Catherine of Siena (1347-1380)
Catherine served as a lay member of the Dominican Order and was recognized as a great influence in Italian literature. She and Teresa of Avila were the first women declared a Doctor of the Church, a title recognizing one for making a significant contribution to theology or doctrine through their research, study, or writing. Her most popular work is The Dialogue of Saint Catherine of Siena.
Francis of Sales (1567-1622)
The Bishop of Geneva was honored as a Doctor of the Church for his deep faith and writings on spiritual formation. His motto was, “The one who preaches in love, preaches effectively.” His Introduction to the Devout Life and Treatise on the Love of God rather than being addressed to the clergy—as were most books at the time—were specifically written for laypersons. In his books, he stressed the spiritual reality of a life lived for God.
Francis of Assisi (1181-1226)
Francis was an Italian friar and ordained deacon, as opposed to a monk. Friars took the same vows of poverty, chastity, and obedience as monks, but served outside of a sequestered monastery. He believed that nature was a reflection of God and called all creatures his “brothers and sisters.” His poetry is considered some of finest by secular literary critics. (Unfortunately, the most famous poem attributed to him, “Make Me an Instrument of Thy Peace,” was actually written in 1912.) His works were collected in The Writings of St. Francis of Assisi.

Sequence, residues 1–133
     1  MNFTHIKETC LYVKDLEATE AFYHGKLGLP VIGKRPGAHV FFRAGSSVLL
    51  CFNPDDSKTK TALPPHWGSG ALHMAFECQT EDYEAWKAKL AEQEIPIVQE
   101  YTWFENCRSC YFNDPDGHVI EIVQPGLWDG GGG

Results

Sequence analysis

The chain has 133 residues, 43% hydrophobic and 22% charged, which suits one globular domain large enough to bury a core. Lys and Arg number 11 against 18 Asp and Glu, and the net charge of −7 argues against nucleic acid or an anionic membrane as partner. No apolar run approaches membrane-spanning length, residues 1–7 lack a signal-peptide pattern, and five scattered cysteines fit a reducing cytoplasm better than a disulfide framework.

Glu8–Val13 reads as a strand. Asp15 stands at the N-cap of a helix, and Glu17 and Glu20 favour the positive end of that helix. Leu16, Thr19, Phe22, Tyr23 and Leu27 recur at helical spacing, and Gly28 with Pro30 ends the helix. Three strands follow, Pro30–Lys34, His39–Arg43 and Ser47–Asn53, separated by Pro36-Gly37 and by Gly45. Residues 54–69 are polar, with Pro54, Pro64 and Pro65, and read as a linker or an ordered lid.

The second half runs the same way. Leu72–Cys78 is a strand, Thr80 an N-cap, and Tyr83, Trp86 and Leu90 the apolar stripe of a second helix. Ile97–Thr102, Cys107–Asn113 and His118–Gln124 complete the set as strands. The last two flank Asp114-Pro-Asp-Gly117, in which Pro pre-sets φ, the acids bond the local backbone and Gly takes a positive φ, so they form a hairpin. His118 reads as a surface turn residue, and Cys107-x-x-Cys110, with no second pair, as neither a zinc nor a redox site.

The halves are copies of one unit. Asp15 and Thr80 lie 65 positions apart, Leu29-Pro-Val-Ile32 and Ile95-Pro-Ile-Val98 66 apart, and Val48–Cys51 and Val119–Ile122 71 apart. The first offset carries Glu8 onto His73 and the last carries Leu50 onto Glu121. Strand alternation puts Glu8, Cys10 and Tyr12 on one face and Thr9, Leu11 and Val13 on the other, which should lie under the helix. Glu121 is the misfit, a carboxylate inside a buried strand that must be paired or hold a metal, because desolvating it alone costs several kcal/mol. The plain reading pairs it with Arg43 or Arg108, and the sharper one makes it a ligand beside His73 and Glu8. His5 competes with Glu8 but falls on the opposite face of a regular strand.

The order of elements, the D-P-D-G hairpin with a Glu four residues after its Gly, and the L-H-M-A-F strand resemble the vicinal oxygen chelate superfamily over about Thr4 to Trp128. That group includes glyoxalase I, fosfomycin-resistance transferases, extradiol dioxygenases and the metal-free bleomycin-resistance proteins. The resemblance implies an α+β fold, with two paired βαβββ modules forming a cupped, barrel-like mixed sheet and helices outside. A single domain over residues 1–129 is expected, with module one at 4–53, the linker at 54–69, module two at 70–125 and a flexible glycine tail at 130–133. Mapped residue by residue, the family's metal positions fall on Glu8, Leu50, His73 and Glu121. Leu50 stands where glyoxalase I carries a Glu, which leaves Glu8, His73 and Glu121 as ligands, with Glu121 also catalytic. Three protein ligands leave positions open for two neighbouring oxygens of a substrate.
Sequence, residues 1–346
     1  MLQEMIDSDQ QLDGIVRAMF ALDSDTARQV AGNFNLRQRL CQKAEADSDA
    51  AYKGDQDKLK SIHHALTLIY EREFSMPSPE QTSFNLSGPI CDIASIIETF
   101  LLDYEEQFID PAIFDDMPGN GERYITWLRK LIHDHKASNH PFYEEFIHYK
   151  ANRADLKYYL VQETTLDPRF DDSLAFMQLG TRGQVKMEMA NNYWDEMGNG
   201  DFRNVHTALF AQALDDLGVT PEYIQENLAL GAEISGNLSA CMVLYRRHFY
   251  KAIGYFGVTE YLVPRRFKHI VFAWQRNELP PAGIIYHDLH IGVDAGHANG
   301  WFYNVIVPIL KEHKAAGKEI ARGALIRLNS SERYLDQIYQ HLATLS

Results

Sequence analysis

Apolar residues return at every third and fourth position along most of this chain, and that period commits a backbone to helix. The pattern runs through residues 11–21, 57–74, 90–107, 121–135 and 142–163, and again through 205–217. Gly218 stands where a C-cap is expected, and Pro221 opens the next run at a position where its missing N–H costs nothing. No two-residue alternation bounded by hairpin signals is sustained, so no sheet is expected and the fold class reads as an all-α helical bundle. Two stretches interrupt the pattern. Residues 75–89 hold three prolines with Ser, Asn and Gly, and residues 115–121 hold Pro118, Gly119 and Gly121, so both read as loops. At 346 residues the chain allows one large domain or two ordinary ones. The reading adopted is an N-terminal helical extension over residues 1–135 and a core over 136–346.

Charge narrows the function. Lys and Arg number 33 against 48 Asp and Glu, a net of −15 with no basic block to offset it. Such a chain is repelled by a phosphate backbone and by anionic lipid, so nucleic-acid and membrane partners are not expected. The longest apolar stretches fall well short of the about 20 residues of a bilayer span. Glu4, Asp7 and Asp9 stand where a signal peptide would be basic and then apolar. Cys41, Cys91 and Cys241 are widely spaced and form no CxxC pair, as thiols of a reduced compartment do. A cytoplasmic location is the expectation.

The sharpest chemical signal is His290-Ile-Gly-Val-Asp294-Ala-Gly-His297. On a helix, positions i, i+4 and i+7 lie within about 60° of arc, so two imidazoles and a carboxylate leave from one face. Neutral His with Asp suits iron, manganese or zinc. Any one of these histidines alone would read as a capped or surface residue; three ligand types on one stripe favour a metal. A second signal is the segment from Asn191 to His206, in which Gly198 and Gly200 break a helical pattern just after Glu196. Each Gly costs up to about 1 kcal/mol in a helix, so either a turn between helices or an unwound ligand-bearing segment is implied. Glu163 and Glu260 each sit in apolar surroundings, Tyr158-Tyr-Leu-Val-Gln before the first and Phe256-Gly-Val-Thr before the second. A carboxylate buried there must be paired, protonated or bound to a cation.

Jeanne-Marie Bouvier de la Motte-Guyon (1648-1717)
At a young age, Madame Guyon was forced into an arranged marriage to a wealthy thirty-eight-year old. Despite the unhappy marriage, the death of two children, and being imprisoned from 1695 to 1703 for her beliefs, she firmly believed in God’s perfect plan and that she would be blessed in her suffering. Her works, A Short and Easy Method of Prayerand Spiritual Torrents, became popular among Protestants in her native France, as well as Italy and Spain and now worldwide.
Ignatius of Loyola (1491-1556)
Ignatius began his career as a Spanish knight, but underwent a spiritual transformation while recovering from serious battle injuries. He abandoned his military career and devoted himself to serving God, studying theology and gaining much from the writings of Francis of Assisi and Thomas à Kempis. In 1539, he founded the Society of Jesus (Jesuits). His most famous writing, Spiritual Exercises, was written as a group study for finding God’s will in one’s life and discerning between good and evil desires.